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THE TUPELO JOURNAL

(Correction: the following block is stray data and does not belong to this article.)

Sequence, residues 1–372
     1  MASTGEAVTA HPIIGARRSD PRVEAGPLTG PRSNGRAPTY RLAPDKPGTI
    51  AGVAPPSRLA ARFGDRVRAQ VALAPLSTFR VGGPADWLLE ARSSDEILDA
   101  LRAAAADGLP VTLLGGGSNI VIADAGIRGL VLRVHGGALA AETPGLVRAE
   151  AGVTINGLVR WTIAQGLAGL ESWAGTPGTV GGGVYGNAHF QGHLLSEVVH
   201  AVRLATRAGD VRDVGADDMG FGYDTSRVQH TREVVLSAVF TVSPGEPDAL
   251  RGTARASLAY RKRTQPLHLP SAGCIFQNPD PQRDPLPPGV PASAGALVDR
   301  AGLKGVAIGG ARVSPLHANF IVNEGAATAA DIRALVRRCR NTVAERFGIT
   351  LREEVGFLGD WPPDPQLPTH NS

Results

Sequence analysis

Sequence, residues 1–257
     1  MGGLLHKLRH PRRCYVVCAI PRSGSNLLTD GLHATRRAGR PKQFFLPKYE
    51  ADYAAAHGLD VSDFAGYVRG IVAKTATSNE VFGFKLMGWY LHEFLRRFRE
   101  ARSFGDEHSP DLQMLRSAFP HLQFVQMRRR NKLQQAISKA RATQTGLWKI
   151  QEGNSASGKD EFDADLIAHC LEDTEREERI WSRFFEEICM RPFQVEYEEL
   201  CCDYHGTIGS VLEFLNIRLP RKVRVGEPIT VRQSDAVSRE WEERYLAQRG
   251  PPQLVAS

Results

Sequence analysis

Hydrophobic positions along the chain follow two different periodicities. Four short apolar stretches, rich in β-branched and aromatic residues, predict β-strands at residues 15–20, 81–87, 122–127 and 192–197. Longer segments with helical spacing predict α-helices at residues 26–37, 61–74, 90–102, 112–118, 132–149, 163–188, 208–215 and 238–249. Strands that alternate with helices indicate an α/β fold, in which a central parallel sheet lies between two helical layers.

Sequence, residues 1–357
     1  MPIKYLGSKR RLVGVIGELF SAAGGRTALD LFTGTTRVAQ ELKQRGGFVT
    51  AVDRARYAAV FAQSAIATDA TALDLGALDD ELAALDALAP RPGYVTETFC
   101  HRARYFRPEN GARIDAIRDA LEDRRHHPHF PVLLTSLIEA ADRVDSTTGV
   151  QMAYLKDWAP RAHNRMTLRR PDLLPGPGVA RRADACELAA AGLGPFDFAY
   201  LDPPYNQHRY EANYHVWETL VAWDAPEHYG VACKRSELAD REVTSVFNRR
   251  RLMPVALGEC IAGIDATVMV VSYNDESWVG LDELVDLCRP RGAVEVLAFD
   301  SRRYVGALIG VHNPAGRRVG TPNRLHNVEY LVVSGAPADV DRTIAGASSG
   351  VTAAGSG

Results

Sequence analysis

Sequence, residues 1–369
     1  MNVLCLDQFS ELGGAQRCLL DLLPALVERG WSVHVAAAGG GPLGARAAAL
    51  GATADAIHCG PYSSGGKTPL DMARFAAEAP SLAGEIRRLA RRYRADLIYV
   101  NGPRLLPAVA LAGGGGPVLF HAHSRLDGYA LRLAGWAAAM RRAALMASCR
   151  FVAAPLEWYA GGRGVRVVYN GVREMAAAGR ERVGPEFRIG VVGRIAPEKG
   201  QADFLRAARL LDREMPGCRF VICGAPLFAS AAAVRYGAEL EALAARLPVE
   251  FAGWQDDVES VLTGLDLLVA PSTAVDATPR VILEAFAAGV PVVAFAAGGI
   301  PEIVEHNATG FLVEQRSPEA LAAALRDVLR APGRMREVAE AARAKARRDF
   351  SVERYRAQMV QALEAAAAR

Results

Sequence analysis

_PUBLISHED WEEKLY. ~ TUPELO~.~: * : MISSISSIPPI.” Tlie declaration of Mrs. Ingalls, oi the YV. €. T. U., that the cigarette will disappear within ten years pre sages a terrible mortality among cigarette smokers. It is un just, however, to b’ame the late Brigham Young too severely for the crime of his New York grand son. The great Mormon has 337 grandsons who are innocent. TlmT IMnuli> kin ml ni'in \vV»r» been married 11 times may be a par tial explanation of the excess of 2, 000,000 marriageable men over mar riageable women in this country. Manila papers cannot comprehend why an incident, such as a coal min ers' strike should become an absorb ing problem In the United States. What bothers the Manilians is how to keep cool. On account of the perilous condi tion of affairs in South Africa Mr. Chamberlain is going to visit the cape. The secretary’s coming should make the colonists as happy as a red rag does a fighting bull. There is a grim humor not un worthy of I’.ismarck in Emperor Wil liam's ordering of the arrangements for his visit to Posen. Having been warned that attempts upon his life might be made, he replied by com manding the presence of a body guard of 90,000 troops. Announcement is made that. Mrs. Grover Cleveland, having seen her four children beyond the very young stage, will spend a good part, of the winter in New York mingling in so cial gavety. All the children except the boy “favor” their father. The exception is distinctly a “Frances Folsom boy,” so the friends of the family say. Miss Ruth has begun to go into society a little, though as yet she is far from “out.” But she visits numerous families in the Cleveland set. The banking firm of which Jay Cooke was the heafl during the civil war handled over $2,COO,000,000 for the government, and its profits are said to have been not more than $200,000. There is quite a contrast between this record and that of J. P. Morgan, who is said to have re ceived close to $100,000,000 for financ ing the United States Steel corpora tion with a capital of $1,400,000,000. In another case his profit on a $200, 000,000 transaction is believed to have been $10,000,000. More homestead lands were given to settlers in 1901-1902 than in any previous year. Uncle Sam still “has land enough to give us all a farm.” He gave away 19,488,530 acres last year—enough to make 120,000 aver age “quarter section" farms and to support 1,000,000, including families and farm laborers. In addition $f>, 250,000 was obtained from land sales and fees. And 900,000,000 acres more remain unclaimed—enough to last 45 years, even at the present rapid en try and settlement. Civilization is making rapid inroads upon the old Indian customs. Large gangs of Indian men, not women, are employed in the construction depart ment of a western railway company, laying track for $1.25 a day. Ten hours’ work with a pick and shovel every day would soon take the sav ageness out of any man and make him sleep o’ nights instead of put ting on war paint. But the notable thing here is that the male Indian is actually working. He used to let the squaws do all of that. The British government recently accorded the title of highness to the seven-year-old king of Uganda, a lit 1le African chieftian, whose territory is now part of a British protectorate. He is a grandson of the celebrated Mutessa, and descendant of a long line of kings, but has never been far away from Mengo, the native capi tal of Uganda, where he was born. The territory over which the king, or “kabaka,” rules is nearly 20,000 square miles in extent and has a na tive poulation of between 1,000,000 and 2,000,000. Isn’t the Missouri Valley Homeo pathy association afraid that it will make that school of medicine unpop ular? In a recent session at Lin coln, Neb., it adopted a resolution instructing its members to use every endeavor to suppress kissing, “be cause it is unsanitary, silly, idle and entirely without justification.” This may all be true from a cold-blooded scientific standpoint, but it will take more than one medical association to abolish, or greatly lessen, a custom that has the sanction of sentiment and romance. Mosquitoes are now charged with communicating erysipelas as well as malaria and yellow fever. A New York physician has issued a death certificate in the case of a 14-months old babe in which he says: “Death was caused by erysipelas due to the bite of a mosquito.” It is only fair to the mosquito to record that the board of health officers refused to accept the certificate ifntil a coroner’s physician had investigated and con cluded that ther* was no other ap parent cause for the death than the mosquito bite. HOLD-UP AVERTED. Delayed Local Crashes Into Debris Filed on Track to Wreck 81. Louie Flyer. Austin, Tex., Nov. 9.—The St. Louis flyer over the International ft Great Northern to Mexico City, flue here at 9 o'clock tonight, owes its safety at this writing to the fact that a local ahead of It, running two hours behind time, smashed into a pile of debris placed on the track to wreck the flyer. The local, due here at 6 o'clock, did not arrive until a few minutes of 9 tonight, and reported that five miles from the city, Just at the edge of the mountain ranges and near the scene of three famous hold-ups the train smashed into a big pile of rocks and cross-ties that had been driven in be tween the rails. The incident hap pened near the small station of Hoop er, and being a local train and slow ing up at the time to let off a single passenger, is the only explanation of why the train was not derailed. The flyer’s schedule time is forty live miles an hour, and it is evident that had it struck this pile of rocks and cross-ties going at that rate it would have proven an uggly wreck. The train men report that two sus picious characters who got on the train at McNeil left the train when it stopped at Hooper and have not been 6een since. The railroad people have been ex pecting a hold-up for several weeks now, owing to the fact that a great deal of cold is heine- shinned tr» nnrt from Mexico, and they have taken the precaution of having an armed guard go and return on every through train operating through the dangerous coun try to the north of this city. KINDNESS REPAID. Old Mmu I,«ivw a liaiimta lilrl Oa« Mllllou Dollar*—Sha limped HItu In Dlatraaa. Hiawatha, Kas., Nov. 9.—A letter written to a local paper states that an old man who recently died at Seattle, Wash., left an estate worth $1,000,000 to Lizzie Boyce of this county because she had shown him a kindness when he was in sore need years ago. He did not konw the girl’s address, and requested the writer to discover it if possible. The letter was written to the paper in the hope of finding the young woman. Miss Boyce is the 24-year-old daugh ter of Elijah Boyce, a farmer who lives a few miles north of Hiawatha. She took the news of her inheritance very calmly, stating that she would believe it when she saw the money or its equivalent. She says she remembers the old man. or the one she presumes Is referred to in the letter, very well. “About seven years ago in the fall,” she says, “an old man and woman, traveling in a wagon, stopped near our house. I went out to see them, and found the old man moaning by the side of his wagon. He was quite ill, and 1 doctored him the best I could, gave him nourishing food and nursed him till he was able to resume his journey. He thanked me pro fusely on parting, and took my name, saying I should hear from him some day.” DOUKHOBORG GUARDED. Extra Number of Mounted Police Will B# Necenaary to Get Them Hoire Winnepeg, Man., Nov. 9.—Another chapter in the history of the Doukho bors’ pilgrimage to convert the world has been closed but with the ending “to be continued.” The Doukhobors were taken by special train from Min nedosa to Yorkton last night, and were today kept in the cars, closely guarded by mounted police. Although victorious at Minnedosa it is a ques tion to be decided if the government will not be defeated in their final ef fort to get the Doukhobors back to their village, for which they start to morrow. If the flghgt to move them 100 yards from the Minnedosa rink to the train is any example of what the gov ernment will have to contend with to move the Doukhobors 100 miles to their villages, which are that distance from V orlrton nn pAwnft nP nn lice will be required. KILLED BY A DRUNKEN MAN. Flacky Town Marshal Mortally Wounds His Assailant liefors Dying. Independence, Ky., Nov. 8.—Nicho las Hopperton, town marshal of this place, was shot and killed this after noon by William Rice, a farmer who lives at White's Tower, but the mar shal badly wounded Rice. Rice had ridden to town intoxicated and carry ing a shotgun. The marshal arrested him and disarmed him, but subse quently gave him his gun as he was about to leave town. In a few min utes Rice returned and dared the mar shal to arrest him. The marshal ad vanced to disarm him again, when Rice fired and the marshal fell mor tally wounded. He rose, however, and fired three shots at Rice, each shot striking. Hopperton died in a few minutes. Rice’s wounds are said to be mortal. OFFICIAL INVESTIGTION Of Recent Political Outrages la Porto Rico* Madison, Wis., Nov. 9.— Senator John C. Spooner has decided to call President Rosevelt’e attention to the reports of political irregularities, or outrages, in the island of Porto Rico, and will probably ask that an inves tigation be made. Senator Spooner left for Washington last night, having been called there by the president for a conference. The senator will bring the Porto Rican subject to the atten tion of the president early this week. MOB THWARTED BY CHIEF. Assembled at Mobile Jail to Lynch Negro W bo Assaulted Little Girl. Mobile, Ala., Nov. 9.—A mob gath ered about the central police station tonight with the intention of lynching Lewis Wyatt, a negro, who today as saulted Maria Constance, a little white girl of 6 years. The child’s father headed the mob. The chief of police assured the crowd that the ’negro would be punished, but told then they must let the law take its course^. ^_. _ wM B| Oklahoma went republican at the recent election. Order is being restored in Co lombia, and the revolution is prac tically at an end. • Robbers who blew open the vault of the Bank of Greenwood at Green wood, Wis., secured $11,000. The director of the mint places the amount of gold mined in Alas ka the past ten months at $18,770, 075. Ralph Espy, a young college stu dent of Chicago, has become insane, the result of a kick received in a game of football. Bar silver was sold in London last week at 23 ,3-1(5 cents per ounce, the lowest price in the his tory of the metal. Bert Casey and Jim Sims, two notorious outlaws, were shot and killed in a battle with officers in Woods county; Oklahoma, A convention of delegates from river towns throughout the Missis sippi valley has been called to meet at Quincy, 111., November 14. Gen. Fred Grant recently ap A) »i4a<1 aa*\> 4 h J « « .. _1 j >v_*. •* vv. v* vwuiiuauuvi w x LIIV/ UtjlUl V ment of Texas, with headquarters at San Antonio, has assumed com mand. Considerate trouble is being ex perienced at New Orleans in en forcing the new state law requiring separate coaches for whites and blacks. A negro named Sam Harris was shot to death at Salem, Ala., by a mob of 250 people. He was iden tified bv Miss Meadows as the mur derer of her mother, the daughter also being assaulted and badly wounded, the weapon used being an axe. The admission of Oklahoma, Ar izona and New Mexico to state hood will be one of the first ques tions considered by the senate when congress meets in December. A committee from the senate will shortly visit the penitentiaries to view the conditions. Several American school teachers and a number of natives favorable to American rule, have recently been murdered in Central Negros, Phil ippine islands. The American troops find but little organized op position, but the murderers adopt the tactics of an assassin, and thfir victims are generally caught una wares. In its annual report the civil ser vice commission urges that congress provide for the reclassification of the entire department service. The commission says that until such re classification is made it does not feel justified in attempting to en force any uniform system of regu lations for promotions. It urges that each department adopt a sys tem of promotions of its own. It is reported that the Frisco has purchased the St. Louis and Gulf railroad. This w ill give the# Frisco a Memphis outlet for their new pur chase, the Chicago and Eastern Illi nois railroad, which has its termi nolo oornoo flin riirnr of rriiolmc TU St. Louis and Gulf was formerly known as the Houck system, con sisting of 233 miles in three divis ions. The highest per capita of money in circulation in the United States was reached on November 1, when the amount was $29.36. The fig ures for October 1 were $28.63, and the lowest for recent years $25.93 on March 1, 1900. The total stock of money of all kinds in the Unit ed States November 1 was $2,627, 963,267, which was an increase of $30,868,332 during the month, and the amount in actual circulation on that date was $2,336,111,992, being an increase of $60,325,331 for the month, and of $89,811,350 compar ed with the same date last year. Col. J. F. Holden, general traffic manager of the Choctaw, has been appointed assistant freight traffic manager of the Rock Island system, with headquarters in Chicago. Gerhardt Burchler, a German farmer near Columbus, Neb., was murdered by his 14-year-old boy, who then dragged the body to a haystack and set it on fire. The boy admits the crime, and says he killed his father because he mistreated him. The French chamber of deputies, by a.vote of 278 to 235, invalidated the election of Count Boni Castel lane as a mepiber of the body, on the ground that he spent money too lavishly in his canvass. In the recent election the city of St. Loiys, giving the entire demo cratic ticket, a majority is consid ered a victory for Ed Butler, the millionaire politician under indict ment in connection with municipal boodliug. The St. Louis world’s fair com mission has been officially notified of Germany’s intention to make an exhibit. After a thorough test by the French navy of the Siene subma rine boat, they have been declared a failure. A delegation of British trades unionists has arrived in this coun try to make observations on trade and labor conditions. Joseph Farrow and Marion Dun, white, fought a pistol duel at Gran din, Mo., and both men were killed, each being shot four times. The Yaqui Indians of Mexico have lately committed numerous murders in the state of Sonora, their victims being ranchmen. The next legislature of Mary land, which will be democratic, will elect Arthur F. Gorman United States senator to succeed Senator Wellington, a republican. Edmund Bersch, a former mem ber of the St. Louis house of dele gates, was found guilty of perjury ! on his testimony before the grand jury as to the $75,000 boodle fund raised to secure the passage of the suburban franchise bill, and given five years in the penitentiary. II. 0. Randall, a real estate deal er of Carthage, Mo., was shot by his wifn am! instnntlv billnrl ATre. Randall was sued for divorce sev eral days ago and when they met in 1 a lawyer’s office a quarrel ensued. Randall drew a knife.and attempt ed to stab his wife, when she shot him live times. Clasped in each other's arms, ly ing on the floor of the pastor’s study in the German Baptist church at Omaha, Xeb., the janitor discov ered the dead bodies of Rev. \Y. C. Rale, pastor, and Miss Augusta, Busch, his secretary. Death was caused by asphyxiation, two jets be ing found open. A. C. Mason, a young million aire of Bost. . has been arrested on the charge of having committed sev eral murders within the past year. Mason, whose father made millons in the manufacture of pi anos, was recently released from an insane asylum. His latest alleged victim was a young lady. Pleasant Spradling, of near Inez, Ky., brutally murdered his 4-year old son by beating and kicking him to death. Spradling, with the boy and two daughters, were herding sheep, and he murdered the lad be cause he could not keep up with the flock. The girls told of the crime and the brutal father was at once indicted and convicted. A circuit court jury at Grand Rapids, Mich., brought in a verdict of $2,500 for Mrs. Mary J. Lewis against the Modern Woodmen of America. Mrs. Lewis sued for $50, 000 damages for injuries alleged to have been received by her husband, while being initiated into the order last winter. As a result of these injuries, it is alleged, necrosis set in, which caused death. A report issued by the census bu~ reau places the quantity of the present crop of cotton which had been ginned up to the 18th of Octo ber at 5,925,872 commercial bales, which is estimated to be a little more than sixty per cent of the en tire crop. These figures were col lected bv the agents of the bureau and 29,314 ginneries are represent ed by the returns. The following figures represent the amount gin ned in each state by bales: Ala bama 583,583, Arkansas 360,800, Florida 29,779, Georgia 906,949, Indian Territory 210,019, Ken tucky 284, Louisiana 369,408, Mis sissippi 559,126, Missouri 14,963, North Carolina 303,029, Oklahoma 84,699, South Carolina 601,431. Tennessee 121,180, Texas 1,781, 797, Virginia 5,625. George Pugh Vest, son of Sena tor Vest, of Missouri was found dead in his room at a Washington hotel. His death was due to acute congestion of the lungs. It seems there will be no com promise of the difference existing between the Memphis baseball club and the Southern League Associa tion, as Manager Frank, of the Memphis club, says he will concede nothing. Memphis will probably have two clubs next season. The Odendahl Company, of New Orleans, one of the largest export ing grain firms in the United States, has failed, owing to forger ies by an officer amounting to over $150,000. An unknown negro, wfio confess ed to murdering a farmer named Jackson near Sardis, Miss., was burned at the stake by a mob of four thousand persons. In his con fession the negro implicated twf white men in the murder. CAR AND WAGON COLLIDE. Eight People, Were Injured, and Crowd Attempted to Lynch Conductor and Motormnu. St. Louis, Mo., Nov. 9.—A wagon containing twelve persons was run into by a street car at the corner of Jeffer son avenue and Howard street tonight, and eight people were injured. The crowd attracted made an attempt to lynch the motorman and car conduc tor, but the police interfered. The wagon was turned over by the collision and the occupants thrown in every direction. Loretto Sefton, a 10-year-old girl, was injured internally, and was taken to a hospital. The others received severe bruises, but were able to go to their homes. A crowd soon collected around the crushed wagon, and some one shouted, “Lynch them.” Instantly a rush was made for the conductor and motorman. Several, policemen rushed to the res cue, and by threats to shoot kept the crowd back until a patrol wagon could be called. The car *men were then taken to the police station for protec tion. will hunTtIjear. President Roosevelt to Sesrrh for the Orlzztr in Ills Hlsaisilppl Lair. Memphis, Tenn., Nov. 9.—According to present schedule President Roose velt will leave Washington next Tues day, passing through Louisville Wednesday night, where a reception will be tendered him. That same night he will leave for Greenville, Miss., from which place he will ge out into the bottoms of Washington coun ty, and will hunt the festive bear in his native wilderness. Great secrecy has been thrown around this feature of President Roosevelt’s trip, but it can be authoritatively stated that the week of his time between the date he leaves Waehington and the time he ar rives in Memphis will be spent in that locality. TROUBLE IN KENTUCKY MINES John Mitchell Called to the Coal Fields, and Another Strike Imminent. Bowling Green, Ky., Nov. 9.—An other strike of 8.000 miners employed in Hopkins, Muhlenburg and Webster counties, is said to be likely. This section has been the scene of labor agi tation for the better part of three years. Eighteen coal mines have bit terly resisted the demands of the un ion men and are still running as non union mines, though the fight, in ad dition to the money it cost operators and miners, has resulted in bloodshed and on several occasions has required the presence of the militia. President John Mitchell of the Unit ed Mine Workers has been called to the W'estern Kentucky field, and it is believed an efTort will be made to re new the fight. The time is propitious, as all the mines are crowded to their fullest capacity with orders. CRISIS IN SPAIN. Recent Attacks ou Government Force Cabinet to Place Resignations With Sagasta. Madrid, Nov. 9.—As a result of pro longed cabinet council, which was held to discuss the recent attacks made up on the government by the leaders of the opposition, an official note, issued today, says the ministers are ready to place their portfolios at the dis posal of Premier Sagasta, if this step is necessary, and that they have unan imously decided to give the premier full powers to act as he sees best in the interests of the country and his party. Premier Sagasta is to have an au dience with King Alfonso tomorrow at noon. It is believed that a crisis and the reconstruction of the ministry are imminent. Harry Allemang Shot. Pomeroy, O., Nov. 9.—Harry Alle mang, who pitched for Little Rock in tho SJmithprn T.pnfnio laet uoaenn n*aa shot and mortally wounded at Mason, Va., his home, early today. Allemang had been out with friends, and was returning home, when he found bur glars at work in the postoffice. A sentry on the outside ordered Alle mang to halt. No attention was paid to the command, and the sentry fired on Allemang, the bullet entering his back and lodging in the left lung. Horrible Dmth. Lexington, Ky., Nov. 9.—Ernest Armstrong, a brakeman, met a horri ble death in the yards here today. In descending from a moving freight car, he fell astride the rail. The car wheels divided his body from the chin down, half rolling from the track, and the other half was mangled to pieces. Nebraska Blizzard. Lincoln, Neb., Nov. 9.—The western half of Nebraska is experiencing its first severe storm of the season to night, assuming in places the propor tions of a blizzard from the Northwest. Snow is falling, and at Beaver City, Furnas county, there has been a drop of temperature of 40 degrees since noon today. BULL FIGHTING BEGINS. Parrao, One of the Matadors, W»i Seri ously Horned and May Die. Mexico City, Nov. 9.—The winter bull fighting season opened this after noon, the first fight being attended by a large crowd, including many Ameri cans. The sensation of the spectacle was the horning of Parrao, one of the matadors, by the third bull. Parrao received a deep wound in the abdomen, and may die. The fight was not in terrupted. Ten horses were disem boweled. Fatally Stung by Bee*. Cumberland, Md., Nov. 9.—Two chil dren belonging to a farmer named Hines, living along Fifteen Mile Creek, were both perhaps fatally stung by honey bees today. The bees were driven from their hives by worms and swarmed, settling on-a bush in the garden where the children were playing. Discovering the knotted bunches of bees, one of the children shook the limb. Instantly they were literally covered with the insects and before their crle-j attracted attention they were almost stung to death. • -— 9 M: News • - -—-1&.-—--—o KnttIrflaKH of MlRHlHSlppl. The director of the department of archives and history is collecting data relative to the historic battle llags of Mississippi. It is k*nown that many of the bullet-pierced and blood-stained banners of the Confed eracy have bene sacredly preserved by the patriotic people of Mississip pi, and detailed information about them is desired. It is an interest ing historical fact that six flags have waved over Mississippi at different times, representing the sovereignty of six governments. The director is •anxious to know if there is in exist ence a flag of the State of Mississip pi which was adopted by the seces sion convention of 18.61. In order ihat such a flag may be identified the following description is given: White ground, the magnolia tree in the center, a blue field in the upper left hand corner with a white star in the center; the flag to be sur rounded with a red border and red fringe at the extremity. This is the standard known as the “bonnie blue'* flag, and the director is particularly anxious to know if it or any copies ar» in pvistpnpp Up would annrp eiate any information along the line* indicated. Tax liouib In Warren County. AYirt Adams, State revenue agent, has exploded another bomb in AVar ren county, this time hitting certain legal lirniB who are assessed as agents or trustees or guardians of other people’s money and property. The sheriff has filed with the board cf supervisors assessment slips against ten different attorneys, ag gregating $'217,000 as solvent cred its, money loaned and money in hand. This represents trust funds for which these attorneys have been agents for periods since 1894. The ParciitHiin Cuae. The board of control lias decided the Parchman case. It found that neither of the charges against the warden was sustained and no devel opment justified his discharge. The board found his explanation of why he cashed the Me Junes draft for $91.30 at Aberdeen satisfactory and accepted the proof offered as to the final disposition of the money in the two mule trades and the purchase of Winchester rifies for the new State farm. New Enterprise. Greenville is to have another new enterprise, the Delta Manufacturing Company, the capital stock of which is fixed at $100,000. The purposes as set forth in the charter of the company are for the conducting of a manufactory of carbonated waters, candies, coffee, teas, groceries and druggists’ sundries, or any article of merchandise not enumerated here, which they may desire to manufac ture and sell in wholesale or retail quantities at Greenville. Agaimt Ubar Agent.. A large and enthusiastic number of the most prominent farmers and best citizens of the town and coun ty held a meeeting at Macon last week to devise some plans to stop “labor agents” who for the last few months have been enticing hands to leave the farms of Noxubee county. Coal Oil Inspector. There has been no end of com plaint about the quality of coal oil being sold at Water Yallev for the past few months, and the board of mayor and aldermen provided a rem edy by creating the office and pre scribing duties for a coal oil inspect or, and an inspector of weights and measures. Pint la Fifty Pears. For the first time in fifty years, a Lawrence county jury sentenced a man to death. Loyd Hogan, a negro, is the convicted party, and he was tried on the charge of mur dering another negro, Robt. Dobbs, in a railroad camp near Blountville. A Rare Mortagage. One of the most peculiar mort gages ever recorded in Mississippi was unearthed a few days since in Pike county by Deputy State Reve nue Agent L. F. Chiles, who has just finished a search for solvent credits in that county. The mortgage was given on a fiddle and a dog, and the amount of the loan was not men tioned in the instrument, the stereo typed “for value received” being in corporated. Hoaaton Hanged. The negro, Jim Houston, who was convicted on the charge of willful murder at the last term of circuit court at Belen, was hanged last week in accordance with sentence of the court. The hanging was witnessed by the largest crowd ever assembled in Belen. After ascending the scaf fold Houston made a short talk, ac knowledging his guilt and the jus I tice of punishment. Order* of Knllroad ConimtsMon. The new railroad commission at its meeting last week ordered the erection of a new union depot at Corinth, same to be completed with in the next six months. An order was also passed requiring the South ern railroad to erect a suitable depot at Baird. A rate on shingles and laths was established conforming t< the present rate on lumber insti tuted some time sice by the commis sion. In the matter of the freight rate complaint from Hattiesburg an order was passed fixing a rate of 7 cents per hundred on grain and grain products from Vicksburg. The Gulf & Ship Island railroad was cited to furnish a copy of the freight classification referred to in section 19 of its charter as fixing the classes of articles and the limits in which the company is exempt from the supervision of the commission. Amendments Defeated. Secretary of State Power has re ceived the election returns from for ty-three of the seventy-five counties in Mississippi. The returns show the congressional vote to be even smaller than the lowest estimates, and it is now doubtful if it goes in excess of 20,000, which is the small est that has been recorded in Missis sippi since the war. Over one-half of the counties have reported, and the total vote from those in hand is only 11,632. The three amend ments continue to run behind the congressional vote, and there is no question whatever as to their defeat. Opening: Rich Section. The right of way has been secured and is now being prepared for the construction of a narrow gauge rail road between McComb City, l’ike county, and Liberty, Amite county. It is believed that the new line will be complete aud trains running with in the next six or eight months. Lib erty is the county seat of Amite and one of the oldest towns in the State, aud the construction of the new line will bring within the touch of rail roads a very fine farming section. Biff Ft«!d of Sorghum. A. L. Taliaferro, living near Wa ter Valley, planted one-quarter of an acre in sorghum cane this year. On August 15 he cut the first crop, from which ho made fifteen gallons of mo lasses. From the stubble a second crop sprang, and on October 27 he cut and made thirty-five gallons of molasses. This is considered a splendid yield from so small a piece of ground, and shows the possibili ties of that crop if properly cared for and cultivated in North Missis sippi- _ Whip Island Branch. Surveyors have been out making a preliminary inspection of the route for the new Gulf and Ship Island uraiicn iium jueiiuemiau to Colum bia, and have returned. Tlie people of Simpson county are highly elated at the prospect of another road through that section and expect land values to take a considerable jump as a consequence. Railroad Privilege Taxes. The privilege taxes for the rail roads operating in the State are now being made out in the auditor's of fice and will be sept out in a few days. The total privilege taxes to be paid by these corporations for 1902 will amount to $43,980, an in crease of nearly $4,000 as compared with previous years. . — 1 ■■ i Desperate Cenvlct Captnred. James Langford, a desperate con vict who recently escaped from the State penitentiary, was caputred at Tiptonville, Tenn., last week and re turned to prison. Wen. 8. D. Lee In Oil. The faculty of the A. and M. Col lege will present a picture of Gen. S. D. JiCe to the department of his tory and archives to adoru the hall of the Mississippi Confederate gen erals. To Work Roads. The board of suprevisors of Oktib beha county has let 120 miles of the public roads of the county to be worked by contract. Council of Red Men. A local council, Improved Order of Red Men, was organized at Natch ez last week. There are fifty mem bers on the charter, all being prom inent citizen* of Natchez. Col. E. G. DeLap is the sachem of the coun cil. Execution Will Be Private. The board of supervisors of Yalo busha county ordered that the ne groes, Peter Harris and Ransom Griffin, whose executions are set for November 18, shall be privately hanged in the jail yard at Coffee ville. Parch man's Payments. Warden Parehman last week paid rinto the State treasury the sum of $38,000, proceeds of a recent sale of cotton.